HUO: So, your idea of active cinema came out of Eisenstein?

BH: I think the editing aspect of it. The other aspect of active cinema for me is to get the audience out of their seats. So, I take a portable projector or even a 16mm and I roll it around the room and then I have a rotary projector table, so I could use the architecture of the space for the screens.

HUO: So, when did you use the notion of active cinema for the first time?

BH: In 1979.

HUO: With which piece?

BH: It’s called Available Space. It’s a 16mm film shot in eight sections of images with 10 seconds of black in between which gives me time to roll the projector to a new space. It’s about a woman feeling confined by architecture and the rectangular film frame and screen. The images show a woman, it’s me, pushing the frame of the film, trying to expand it. Then at the very end there is an image of me, re-photographed, projected onto a white paper screen.

HUO: And then you go through the paper?

BH: And then I go through it. I did it at the Turbine Hall, at the Tate, within the retrospective Stuart Comer curated. In the Turbine Hall there’s a lot of space, I could even run with the projector, the audience had to move.

HUO: Any part of architecture can basically become part of the work: the ceiling, the vaults, the corners, the waves...

BH: Yes. The first time I did it was at 80 Langton, New Langton Arts in San Francisco. I wielded the projector to the door and projected outside onto a garage door across the street. One time I projected on snow, out of a window. I thought traditional narrative cinema was an escapist cinema. I wanted the audience to be politically motivated and my idea was that if you get up and move you have more blood running through your system. More energy.

HUO: You mentioned Eisenstein’s writing and I know you are also writing a lot. Can you tell me about your texts?

BH: A lot of them went to the Beinecke Rare Book and Manuscript Collection at Yale.

HUO: Your handwritten work?

BH: My handwritten work. Three boxes of journals that I kept up until the ’90s. I write mostly now about living with illness and health issues. I wrote a lot in the late ’60s and early ’70s, never correcting, never re-reading, writing about my life, my coming out, my struggles as a filmmaker, and the first thirty pages of that is called My Life as Henry Miller. They were published within the book Hammer! Making Movies out of Sex and Life. I think there’s also a novel in there. There’s also something Frieze published at the last Frieze fair in London which was early lesbian aesthetic, where I’m influenced by the cultural movement going on in the Bay Area, talking about the mother as a muse, circle forms for women to use… I was trying to break out of that rectangular frame, so the circle was another way to show films: I started projecting onto inflated weather balloons.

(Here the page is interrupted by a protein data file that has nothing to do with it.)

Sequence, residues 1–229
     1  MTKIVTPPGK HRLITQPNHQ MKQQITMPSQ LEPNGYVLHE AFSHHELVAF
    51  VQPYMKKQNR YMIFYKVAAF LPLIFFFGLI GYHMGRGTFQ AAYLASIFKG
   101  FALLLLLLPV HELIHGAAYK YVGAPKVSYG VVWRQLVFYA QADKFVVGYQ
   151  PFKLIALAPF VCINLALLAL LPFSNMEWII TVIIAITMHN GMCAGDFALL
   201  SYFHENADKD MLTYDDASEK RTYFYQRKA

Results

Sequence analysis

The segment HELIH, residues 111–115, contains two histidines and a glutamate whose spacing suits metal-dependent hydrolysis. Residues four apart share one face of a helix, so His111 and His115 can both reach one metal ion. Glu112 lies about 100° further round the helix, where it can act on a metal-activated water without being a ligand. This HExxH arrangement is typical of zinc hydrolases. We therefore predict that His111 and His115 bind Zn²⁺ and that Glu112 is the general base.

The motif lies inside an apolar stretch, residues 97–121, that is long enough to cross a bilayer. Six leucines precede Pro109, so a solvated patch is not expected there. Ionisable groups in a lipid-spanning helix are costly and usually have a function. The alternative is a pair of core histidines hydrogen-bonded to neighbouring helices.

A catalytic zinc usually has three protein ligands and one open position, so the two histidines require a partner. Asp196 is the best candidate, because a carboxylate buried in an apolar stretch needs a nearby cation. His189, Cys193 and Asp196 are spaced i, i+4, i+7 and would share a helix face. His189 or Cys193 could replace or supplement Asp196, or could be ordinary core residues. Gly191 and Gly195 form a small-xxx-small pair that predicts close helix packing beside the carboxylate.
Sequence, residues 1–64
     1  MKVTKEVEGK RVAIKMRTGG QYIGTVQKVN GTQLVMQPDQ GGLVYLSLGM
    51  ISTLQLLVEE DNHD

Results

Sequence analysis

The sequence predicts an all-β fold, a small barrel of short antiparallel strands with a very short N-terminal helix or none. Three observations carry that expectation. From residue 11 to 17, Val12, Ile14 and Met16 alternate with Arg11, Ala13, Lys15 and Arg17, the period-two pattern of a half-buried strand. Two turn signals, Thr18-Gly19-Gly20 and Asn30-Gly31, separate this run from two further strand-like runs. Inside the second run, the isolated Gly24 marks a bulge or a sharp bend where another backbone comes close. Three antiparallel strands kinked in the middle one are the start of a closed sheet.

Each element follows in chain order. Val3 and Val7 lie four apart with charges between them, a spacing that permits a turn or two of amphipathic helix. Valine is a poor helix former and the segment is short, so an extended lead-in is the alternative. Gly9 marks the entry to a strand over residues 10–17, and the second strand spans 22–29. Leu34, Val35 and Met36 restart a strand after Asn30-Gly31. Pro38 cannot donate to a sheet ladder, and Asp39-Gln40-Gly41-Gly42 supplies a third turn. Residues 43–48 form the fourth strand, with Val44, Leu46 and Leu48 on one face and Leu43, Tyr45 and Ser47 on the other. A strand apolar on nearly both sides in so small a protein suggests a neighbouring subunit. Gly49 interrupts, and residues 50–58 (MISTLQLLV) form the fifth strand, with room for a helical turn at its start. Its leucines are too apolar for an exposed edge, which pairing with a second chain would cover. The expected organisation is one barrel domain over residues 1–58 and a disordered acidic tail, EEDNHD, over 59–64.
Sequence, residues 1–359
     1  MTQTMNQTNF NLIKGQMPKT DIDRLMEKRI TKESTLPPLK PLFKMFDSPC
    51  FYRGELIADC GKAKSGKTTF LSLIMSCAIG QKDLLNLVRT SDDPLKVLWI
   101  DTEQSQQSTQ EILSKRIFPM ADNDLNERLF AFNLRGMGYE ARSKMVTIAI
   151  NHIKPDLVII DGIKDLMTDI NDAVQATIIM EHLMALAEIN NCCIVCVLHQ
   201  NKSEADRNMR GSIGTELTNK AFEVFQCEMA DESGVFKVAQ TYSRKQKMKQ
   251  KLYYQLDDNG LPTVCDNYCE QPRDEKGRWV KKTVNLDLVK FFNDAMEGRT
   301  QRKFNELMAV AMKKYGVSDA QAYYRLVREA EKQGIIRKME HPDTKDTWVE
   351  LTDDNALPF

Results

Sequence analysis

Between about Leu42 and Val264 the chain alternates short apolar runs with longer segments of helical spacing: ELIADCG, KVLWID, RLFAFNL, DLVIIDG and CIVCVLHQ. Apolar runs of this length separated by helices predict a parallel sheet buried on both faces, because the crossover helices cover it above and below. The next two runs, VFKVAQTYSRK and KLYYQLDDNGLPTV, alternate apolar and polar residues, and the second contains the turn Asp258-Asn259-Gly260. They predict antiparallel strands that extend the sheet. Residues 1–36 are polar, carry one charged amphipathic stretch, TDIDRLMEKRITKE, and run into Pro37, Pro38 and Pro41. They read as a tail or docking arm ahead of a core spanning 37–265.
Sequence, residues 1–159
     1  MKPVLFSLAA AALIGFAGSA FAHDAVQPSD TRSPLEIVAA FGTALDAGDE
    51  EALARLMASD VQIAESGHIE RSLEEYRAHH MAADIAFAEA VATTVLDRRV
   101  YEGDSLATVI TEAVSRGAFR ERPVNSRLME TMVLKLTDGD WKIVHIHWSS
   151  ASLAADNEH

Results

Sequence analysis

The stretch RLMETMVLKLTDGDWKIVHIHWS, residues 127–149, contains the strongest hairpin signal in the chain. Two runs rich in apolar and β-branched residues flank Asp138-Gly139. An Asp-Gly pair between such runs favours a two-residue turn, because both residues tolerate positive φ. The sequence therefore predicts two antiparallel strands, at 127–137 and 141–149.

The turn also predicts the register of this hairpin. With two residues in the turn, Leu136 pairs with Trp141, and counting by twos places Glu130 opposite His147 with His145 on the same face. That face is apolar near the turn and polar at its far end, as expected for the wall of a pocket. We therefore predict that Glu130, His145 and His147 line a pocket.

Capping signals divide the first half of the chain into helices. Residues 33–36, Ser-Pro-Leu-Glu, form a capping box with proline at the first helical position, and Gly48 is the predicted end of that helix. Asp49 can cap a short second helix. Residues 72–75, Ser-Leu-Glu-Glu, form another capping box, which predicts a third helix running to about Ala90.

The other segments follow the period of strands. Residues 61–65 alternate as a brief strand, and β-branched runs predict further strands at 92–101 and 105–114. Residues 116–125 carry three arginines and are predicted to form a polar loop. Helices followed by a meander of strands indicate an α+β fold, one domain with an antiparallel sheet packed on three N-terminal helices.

HUO: Wow.

BH: It’s beautiful. I did that at the Tate and I most recently did it at the Exploratorium last February. I put two performances together and two films, Available Space and sometimes we also project a film called Bent Time, in which I walked across the United States taking a frame of film for every step, in high-energy locations, and then through editing, making them into a circle. I had read that time bends at the edge of the universe, so I used a 9mm lens, that actually bent the image. There’s a score by Pauline Oliveros.

HUO: So your writing is mostly unpublished, right? Only one book was published, Hammer! Making Movies out of Sex and Life (2009), The Feminist Press, City University of New York.

BH: Yes.

HUO: Was that a kind of manifesto?

BH: It is, it moves through decades so you could see a changing aesthetic and a changing philosophy. The first thirty pages are fictive writing but based on my life. Then we go into different essays I’ve written over the years for film or feminist publications, Millennium Film Journal, Sinister Wisdom or Heresies. There are also new chapters like a piece on censorship, and about my interest in mortality issues.

HUO: Doris Lessing defined autobiography as an interim report. She once told me a great thing about unrealized projects, which I was very fascinated by. She told me that unrealized projects are not only the projects which we couldn’t carry out due to lack of money or censorship, but also the projects we didn’t dare to do. There’s a certain degree of self-censorship in all of us. What are your unrealized projects, projects that were too big, too expensive, too ambitious, something you didn’t dare to do?